First things first, thank you for stopping by and welcome to the Coffin Fitting Works conservation blog! Let me begin by introducing myself and my colleague Malcolm, who will be responsible for the stunning images in this blog…
My name is Barbara De Santis and I’m a new volunteer at BCT. I’m also a Part II architect with a particular interest in building conservation and sustainable designs.
Malcolm McMillan is also a volunteer at the Trust, and a photographer with a passion for national heritage and the arts and crafts.
If you would like to follow along with the conservation work of the Newman Brothers’ factory as it is happening, I will be writing a regular blog over the next 40 weeks to provide updates and photographs of the refurbishment process, as well as other related Coffin Works information.
At the beginning of August 2013 Fairhurst Ward Abbotts Group began the reconstruction of the 19th century Newman Brothers Coffin Fitting Works.
The Grade II* listed building, located in the Jewellery Quarter Conservation area of Birmingham, is the only intact historic building remaining on Fleet Street.
Once the repair work is complete, visitors will be able to visualize what life would have been like during the mid 20th century at the factory. They will be able to discover what the business produced and how it was run and explore the equipment and production of over 100 years of manufacturing. Aside from the visitor experience, the factory will also provide workshop and office space aimed primarily at creative and start-up businesses. These will be located at the rear of the factory on either side of the courtyard.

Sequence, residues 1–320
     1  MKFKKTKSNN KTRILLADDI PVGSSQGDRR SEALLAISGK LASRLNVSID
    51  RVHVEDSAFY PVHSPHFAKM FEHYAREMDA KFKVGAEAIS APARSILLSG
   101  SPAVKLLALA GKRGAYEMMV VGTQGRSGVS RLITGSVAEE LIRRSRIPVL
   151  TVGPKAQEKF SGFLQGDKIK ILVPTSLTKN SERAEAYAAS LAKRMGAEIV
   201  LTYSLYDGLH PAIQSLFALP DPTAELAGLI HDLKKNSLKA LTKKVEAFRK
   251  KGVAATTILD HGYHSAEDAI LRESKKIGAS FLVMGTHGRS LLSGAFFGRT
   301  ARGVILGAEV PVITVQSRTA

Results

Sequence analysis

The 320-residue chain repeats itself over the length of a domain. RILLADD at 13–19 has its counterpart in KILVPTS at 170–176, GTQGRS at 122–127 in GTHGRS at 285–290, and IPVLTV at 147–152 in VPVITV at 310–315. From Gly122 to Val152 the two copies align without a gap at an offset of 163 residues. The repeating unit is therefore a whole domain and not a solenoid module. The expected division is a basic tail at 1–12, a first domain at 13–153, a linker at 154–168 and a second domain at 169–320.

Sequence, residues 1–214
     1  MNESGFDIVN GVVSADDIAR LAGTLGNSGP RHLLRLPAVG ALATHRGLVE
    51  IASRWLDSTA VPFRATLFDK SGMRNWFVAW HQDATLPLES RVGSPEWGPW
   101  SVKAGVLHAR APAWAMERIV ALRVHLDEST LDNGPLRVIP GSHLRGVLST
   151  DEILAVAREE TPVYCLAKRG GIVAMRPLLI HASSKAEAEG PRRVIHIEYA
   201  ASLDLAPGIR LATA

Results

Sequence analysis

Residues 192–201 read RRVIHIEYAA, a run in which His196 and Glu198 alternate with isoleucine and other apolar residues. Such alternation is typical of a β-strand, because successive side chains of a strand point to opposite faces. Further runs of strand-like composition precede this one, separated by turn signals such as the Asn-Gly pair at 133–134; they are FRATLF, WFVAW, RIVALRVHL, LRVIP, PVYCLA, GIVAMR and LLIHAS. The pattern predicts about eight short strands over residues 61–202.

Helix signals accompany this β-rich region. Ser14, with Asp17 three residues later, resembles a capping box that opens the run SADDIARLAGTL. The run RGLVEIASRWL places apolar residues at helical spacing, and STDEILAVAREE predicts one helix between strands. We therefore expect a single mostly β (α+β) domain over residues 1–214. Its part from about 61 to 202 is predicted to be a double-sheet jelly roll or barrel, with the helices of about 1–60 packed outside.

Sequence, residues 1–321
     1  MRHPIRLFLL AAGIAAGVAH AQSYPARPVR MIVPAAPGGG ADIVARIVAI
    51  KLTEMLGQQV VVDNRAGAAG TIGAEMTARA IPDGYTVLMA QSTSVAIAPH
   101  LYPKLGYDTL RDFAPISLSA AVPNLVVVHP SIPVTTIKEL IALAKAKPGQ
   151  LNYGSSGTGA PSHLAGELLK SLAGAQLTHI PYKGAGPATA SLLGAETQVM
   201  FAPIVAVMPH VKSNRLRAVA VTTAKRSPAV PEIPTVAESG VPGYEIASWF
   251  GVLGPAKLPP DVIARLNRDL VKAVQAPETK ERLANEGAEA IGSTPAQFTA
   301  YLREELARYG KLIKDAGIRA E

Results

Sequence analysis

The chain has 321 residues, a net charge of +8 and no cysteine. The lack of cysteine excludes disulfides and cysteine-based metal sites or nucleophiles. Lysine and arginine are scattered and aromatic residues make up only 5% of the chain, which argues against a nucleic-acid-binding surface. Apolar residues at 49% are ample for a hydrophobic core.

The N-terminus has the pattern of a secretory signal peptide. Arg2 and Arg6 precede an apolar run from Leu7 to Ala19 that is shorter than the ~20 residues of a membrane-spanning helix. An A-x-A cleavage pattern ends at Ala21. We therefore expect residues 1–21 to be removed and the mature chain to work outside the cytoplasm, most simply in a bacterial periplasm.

August 6th 2013
“By failing to prepare, you are preparing to fail.” – Benjamin Franklin
The Fairhurst Ward Abbotts Group (FWA) has a well-established reputation for their high-quality restoration and conservation projects across the country. Contractors Andy King and Ian Bird will be responsible in leading the craftspeople and the conservators across the challenging process to restore the original fabric of the 1894 factory. During the construction period educational tours will be taking place, with the building set to open to the public in summer 2014.
The Coffin Works has been subject of extensive surveys and research in consultation with the former employees. The aim is to retain the character of the place by keeping as much of the original form, features and detailing as possible. As the FWA construction crew work their way through the schedule, they will have to replicate many of the construction materials and use some of the traditional 19th-century building methods. Samples of the mortar, bricks, stone work, joist, rafters, slate tiles and metal hardware will have to be provided in order to match the existing building materials.
Last week I had the pleasure to interview Mr King and take a tour around the construction site. By Tuesday lunchtime, scaffolding was already up and protection was placed down in all the historic areas, floors and stairways. On the north side of the courtyard, the two storey 1960’s brick wing had already started to be stripped out. By the end of this first week, the walls on the first floor will have been deconstructed, and due to evident damp issues the existing floor coverings will also be removed. As we’re approaching the end of the summer season, there is also a lot of pressure in finishing the roof work. The flat roof and guttering of the north side will have to be completely replaced with the same construction system and materials as the original. On the other hand, the slate and felt roof used on the 1894 wing will need to be repaired.
The majority of work taking place in the first week is to prepare and protect the site for the regeneration of the building in the coming months. However it is important to remember the years of planning and preparation by Birmingham Conservation Trust, and more recently, FWA to get the project to this point.